Throughout the COVID-19 pandemic, many have been overwhelmed and experienced feelings of anxiety, fear, loneliness and sadness. People feel stress related to the disease and stress related to the economic impact of the pandemic.
The pandemic has progressed at a time that suicide rates were already rising in the United States. According to an article published in JAMA Psychiatry in April, 2020, the data for 2018 show the highest age-adjusted suicide rate in the United States since 1941.
Local data also reveals a concern about suicide. The 2019 Community Health Needs Assessment coordinated by Augusta Health revealed that between 2015 and 2017, there was an annual average age-adjusted suicide rate of 18.6 deaths per 100,000 population in our Staunton-Augusta County-Waynesboro region. That compares to a rate of 13.1 for Virginia and 13.6 for the United States for the same time period.
"There is still little data on the impact of the COVID-19 pandemic on the suicide rate," says Amy Ghaemmaghami, Director of Outpatient Behavioral Health at Augusta Health. "During a stressful time like the pandemic, though, the feelings of fear and anxiety, sadness and loneliness, can become constant and overwhelming. The feeling of hopelessness could be overwhelming, so some may be having thoughts of suicide."
Depression, anxiety and suicidal thoughts can emerge from a variety of concerns, situations and experiences and each person is different. Ghaemmaghami explains that the pandemic has brought some fears and stressors that didn't exist a year ago. "People now have fear that they will contract COVID-19 or a loved one will," explains Ghaemmaghami. "That fear could be of being sick alone or that a loved one will die alone in a hospital. Social isolation can cause loneliness, just as being in close quarters with family for an extended time can just be stressful! There may also be concern about being furloughed, or for essential workers, that they will be exposed to the disease at work. None of these fears were even in our minds just a few months ago."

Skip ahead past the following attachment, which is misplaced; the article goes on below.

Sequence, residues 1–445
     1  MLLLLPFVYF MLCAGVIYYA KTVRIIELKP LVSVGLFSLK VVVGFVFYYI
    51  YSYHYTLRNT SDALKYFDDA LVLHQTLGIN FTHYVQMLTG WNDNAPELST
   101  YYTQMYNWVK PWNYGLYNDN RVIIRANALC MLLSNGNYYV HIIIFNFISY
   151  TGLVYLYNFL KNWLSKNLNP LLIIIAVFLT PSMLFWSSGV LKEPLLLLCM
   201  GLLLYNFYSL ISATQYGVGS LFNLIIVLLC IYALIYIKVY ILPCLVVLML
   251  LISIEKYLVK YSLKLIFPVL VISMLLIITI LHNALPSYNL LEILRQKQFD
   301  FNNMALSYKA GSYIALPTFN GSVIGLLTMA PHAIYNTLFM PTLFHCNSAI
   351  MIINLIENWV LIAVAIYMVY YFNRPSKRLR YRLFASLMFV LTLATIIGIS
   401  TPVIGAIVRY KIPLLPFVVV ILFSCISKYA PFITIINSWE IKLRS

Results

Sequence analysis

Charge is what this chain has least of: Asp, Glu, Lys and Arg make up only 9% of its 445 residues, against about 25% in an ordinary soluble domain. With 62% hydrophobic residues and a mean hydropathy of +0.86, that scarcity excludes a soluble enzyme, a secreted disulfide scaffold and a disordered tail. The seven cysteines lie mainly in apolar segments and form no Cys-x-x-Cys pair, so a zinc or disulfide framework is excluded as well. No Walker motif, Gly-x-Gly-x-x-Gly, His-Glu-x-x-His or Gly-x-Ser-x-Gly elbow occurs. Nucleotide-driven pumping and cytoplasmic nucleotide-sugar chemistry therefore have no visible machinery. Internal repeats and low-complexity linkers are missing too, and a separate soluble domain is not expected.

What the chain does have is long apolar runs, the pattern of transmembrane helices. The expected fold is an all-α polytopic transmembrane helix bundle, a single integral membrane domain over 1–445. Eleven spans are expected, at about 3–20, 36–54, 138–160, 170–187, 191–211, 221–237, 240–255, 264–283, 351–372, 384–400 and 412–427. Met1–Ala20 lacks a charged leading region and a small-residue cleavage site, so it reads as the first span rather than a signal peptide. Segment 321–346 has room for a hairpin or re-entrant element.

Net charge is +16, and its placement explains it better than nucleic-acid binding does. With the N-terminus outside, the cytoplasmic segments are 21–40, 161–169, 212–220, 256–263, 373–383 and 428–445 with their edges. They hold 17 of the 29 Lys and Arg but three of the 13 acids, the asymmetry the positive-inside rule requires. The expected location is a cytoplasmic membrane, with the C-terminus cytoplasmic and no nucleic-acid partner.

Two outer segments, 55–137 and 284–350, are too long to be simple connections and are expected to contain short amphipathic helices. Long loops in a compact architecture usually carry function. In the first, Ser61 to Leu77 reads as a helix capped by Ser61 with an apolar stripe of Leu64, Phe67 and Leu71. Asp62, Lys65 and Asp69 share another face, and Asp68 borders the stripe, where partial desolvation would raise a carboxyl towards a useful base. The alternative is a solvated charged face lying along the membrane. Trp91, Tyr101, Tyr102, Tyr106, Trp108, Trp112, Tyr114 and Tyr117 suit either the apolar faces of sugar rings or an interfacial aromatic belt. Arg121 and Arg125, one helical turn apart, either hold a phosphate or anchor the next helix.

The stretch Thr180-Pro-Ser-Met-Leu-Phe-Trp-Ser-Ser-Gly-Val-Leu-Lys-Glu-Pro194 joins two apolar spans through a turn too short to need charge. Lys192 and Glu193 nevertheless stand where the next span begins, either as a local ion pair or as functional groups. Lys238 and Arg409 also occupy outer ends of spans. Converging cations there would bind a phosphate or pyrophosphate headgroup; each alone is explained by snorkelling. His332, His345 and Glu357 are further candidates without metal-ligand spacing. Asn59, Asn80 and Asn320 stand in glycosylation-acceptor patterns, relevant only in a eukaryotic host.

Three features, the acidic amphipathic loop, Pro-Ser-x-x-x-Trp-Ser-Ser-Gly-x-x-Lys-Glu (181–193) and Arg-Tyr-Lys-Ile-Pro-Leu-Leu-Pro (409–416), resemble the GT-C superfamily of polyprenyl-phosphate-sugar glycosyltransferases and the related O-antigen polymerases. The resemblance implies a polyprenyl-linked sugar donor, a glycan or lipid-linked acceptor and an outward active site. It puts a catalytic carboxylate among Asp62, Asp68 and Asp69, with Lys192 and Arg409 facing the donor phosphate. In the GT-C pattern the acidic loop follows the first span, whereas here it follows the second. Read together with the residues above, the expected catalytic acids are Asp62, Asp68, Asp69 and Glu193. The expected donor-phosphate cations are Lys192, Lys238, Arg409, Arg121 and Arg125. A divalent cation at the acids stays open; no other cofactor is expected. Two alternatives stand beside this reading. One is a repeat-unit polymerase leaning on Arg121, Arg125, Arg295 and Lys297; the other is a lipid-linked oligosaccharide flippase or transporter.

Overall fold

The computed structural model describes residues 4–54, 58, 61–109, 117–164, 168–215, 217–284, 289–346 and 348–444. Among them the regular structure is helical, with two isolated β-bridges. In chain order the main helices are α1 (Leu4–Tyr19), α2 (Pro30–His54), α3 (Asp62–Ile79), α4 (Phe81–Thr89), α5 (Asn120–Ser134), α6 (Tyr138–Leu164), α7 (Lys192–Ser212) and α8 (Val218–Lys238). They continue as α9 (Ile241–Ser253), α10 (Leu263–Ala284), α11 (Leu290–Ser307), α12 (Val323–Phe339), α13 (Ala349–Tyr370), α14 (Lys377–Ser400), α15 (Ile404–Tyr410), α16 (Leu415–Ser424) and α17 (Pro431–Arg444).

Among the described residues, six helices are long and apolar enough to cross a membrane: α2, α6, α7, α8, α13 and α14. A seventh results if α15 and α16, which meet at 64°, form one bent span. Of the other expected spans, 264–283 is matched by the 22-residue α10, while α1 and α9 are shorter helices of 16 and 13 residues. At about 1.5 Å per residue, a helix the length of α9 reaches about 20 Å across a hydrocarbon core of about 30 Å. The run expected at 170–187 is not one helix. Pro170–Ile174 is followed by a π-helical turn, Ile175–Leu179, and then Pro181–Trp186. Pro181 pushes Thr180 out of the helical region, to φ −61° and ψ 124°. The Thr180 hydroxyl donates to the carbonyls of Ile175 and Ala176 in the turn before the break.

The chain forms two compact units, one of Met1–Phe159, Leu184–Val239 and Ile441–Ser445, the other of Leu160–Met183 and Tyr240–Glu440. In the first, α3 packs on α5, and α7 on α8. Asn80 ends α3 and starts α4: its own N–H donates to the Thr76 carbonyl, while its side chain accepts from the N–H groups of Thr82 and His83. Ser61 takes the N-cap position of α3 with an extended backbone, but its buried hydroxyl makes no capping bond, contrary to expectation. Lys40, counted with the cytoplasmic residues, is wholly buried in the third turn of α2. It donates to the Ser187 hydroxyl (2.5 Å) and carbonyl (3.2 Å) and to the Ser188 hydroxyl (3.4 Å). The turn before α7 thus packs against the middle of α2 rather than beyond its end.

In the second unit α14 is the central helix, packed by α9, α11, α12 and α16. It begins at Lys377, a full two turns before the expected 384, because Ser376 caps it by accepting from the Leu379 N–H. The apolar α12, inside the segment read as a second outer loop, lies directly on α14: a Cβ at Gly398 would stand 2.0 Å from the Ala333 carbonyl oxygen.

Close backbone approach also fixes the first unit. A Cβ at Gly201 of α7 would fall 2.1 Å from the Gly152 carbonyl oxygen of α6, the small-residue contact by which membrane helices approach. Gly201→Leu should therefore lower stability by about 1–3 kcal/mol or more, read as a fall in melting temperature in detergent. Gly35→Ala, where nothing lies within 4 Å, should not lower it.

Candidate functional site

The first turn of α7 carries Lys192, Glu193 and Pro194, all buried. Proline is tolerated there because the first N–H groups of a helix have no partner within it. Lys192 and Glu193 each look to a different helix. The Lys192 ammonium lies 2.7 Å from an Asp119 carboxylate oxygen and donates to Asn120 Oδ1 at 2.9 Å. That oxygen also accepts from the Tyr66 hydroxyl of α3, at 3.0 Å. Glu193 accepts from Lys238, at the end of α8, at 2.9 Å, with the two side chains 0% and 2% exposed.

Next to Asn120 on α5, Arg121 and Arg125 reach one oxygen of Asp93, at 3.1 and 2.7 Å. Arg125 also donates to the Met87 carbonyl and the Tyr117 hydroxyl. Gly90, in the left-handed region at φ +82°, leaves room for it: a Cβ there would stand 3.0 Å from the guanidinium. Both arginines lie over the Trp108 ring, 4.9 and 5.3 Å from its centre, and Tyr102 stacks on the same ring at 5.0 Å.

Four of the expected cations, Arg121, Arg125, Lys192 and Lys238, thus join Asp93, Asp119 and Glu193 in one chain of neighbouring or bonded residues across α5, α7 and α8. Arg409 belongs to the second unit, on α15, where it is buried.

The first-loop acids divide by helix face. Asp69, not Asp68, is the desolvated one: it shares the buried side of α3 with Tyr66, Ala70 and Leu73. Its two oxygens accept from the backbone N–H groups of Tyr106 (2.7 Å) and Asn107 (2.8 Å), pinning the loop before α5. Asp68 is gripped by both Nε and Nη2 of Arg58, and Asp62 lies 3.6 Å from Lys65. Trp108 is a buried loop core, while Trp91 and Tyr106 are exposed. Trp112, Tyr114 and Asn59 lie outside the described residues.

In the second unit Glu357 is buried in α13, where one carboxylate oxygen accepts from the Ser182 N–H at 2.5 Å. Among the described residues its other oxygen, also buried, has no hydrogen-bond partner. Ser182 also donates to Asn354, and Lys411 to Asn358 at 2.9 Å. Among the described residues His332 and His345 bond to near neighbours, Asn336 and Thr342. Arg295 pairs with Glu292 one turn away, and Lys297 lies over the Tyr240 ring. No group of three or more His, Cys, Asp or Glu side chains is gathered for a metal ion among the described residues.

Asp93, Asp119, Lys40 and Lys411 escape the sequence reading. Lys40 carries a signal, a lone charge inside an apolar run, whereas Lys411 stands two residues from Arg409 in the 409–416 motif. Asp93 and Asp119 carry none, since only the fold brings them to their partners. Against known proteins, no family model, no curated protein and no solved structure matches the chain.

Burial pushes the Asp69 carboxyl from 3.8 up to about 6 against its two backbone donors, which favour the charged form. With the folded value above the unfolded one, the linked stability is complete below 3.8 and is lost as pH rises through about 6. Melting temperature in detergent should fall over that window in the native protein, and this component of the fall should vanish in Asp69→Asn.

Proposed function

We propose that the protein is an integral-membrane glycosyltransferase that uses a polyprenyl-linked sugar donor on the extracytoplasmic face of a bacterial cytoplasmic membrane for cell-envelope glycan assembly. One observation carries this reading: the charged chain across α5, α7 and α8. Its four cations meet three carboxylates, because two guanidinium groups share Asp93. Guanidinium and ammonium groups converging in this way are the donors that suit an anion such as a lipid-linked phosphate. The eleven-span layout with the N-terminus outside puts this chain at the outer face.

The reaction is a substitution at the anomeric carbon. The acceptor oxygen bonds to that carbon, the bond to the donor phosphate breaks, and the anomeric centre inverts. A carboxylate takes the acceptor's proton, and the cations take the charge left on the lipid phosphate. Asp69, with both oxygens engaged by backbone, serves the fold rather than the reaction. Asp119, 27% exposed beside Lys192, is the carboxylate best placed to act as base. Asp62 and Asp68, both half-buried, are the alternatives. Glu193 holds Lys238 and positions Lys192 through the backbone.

Because September is National Suicide Prevention Month, it's a good time to discuss these fears and anxieties with each other and to discuss the warning signs of suicide and how to reach out for help if needed.
"It's very important to check on your friends, family and neighbors to make sure they are doing well—physically, mentally and emotionally," adds Ghaemmaghami. "And if you feel overwhelmed yourself, reach out to your friends, family or neighbors or call a health professional. We want you to know that you are not alone. We are here to help."
If you or someone you know has urges to attempt suicide or is feeling overwhelmed by hopeless and thoughts of not wanting to live, please:
- Call 911 if it is an emergency situation.
- Call the National Suicide Prevention Lifeline, 1-(800) 273-8255.
Contact Augusta Health's Outpatient Behavioral Health Counseling Center at (540) 213-2525. The Counseling Center works with adolescents and adults age 12 and older in group or individual appointments. Please call the center to discuss what would be the most appropriate care.
Suicide Warning Signs
Knowing and recognizing the warning signs is key to preventing suicide. Seek help if you or someone you know is experiencing any of these signs:
- Talking about wanting to die
- Looking for a way to kill oneself
- Talking about having no reason to live
- Giving away prized possessions
- Acting anxious or agitated
- Talking about being in unbearable pain
- Sleeping too little or too much
- Withdrawing or feeling isolated
- Increasing the use of alcohol or drugs
- Showing rage or seeking revenge
- Displaying extreme mood swings
- Talking about being a burden to others
- Exhibiting daring or risk-taking behaviors
- Showing lack of interest in future plan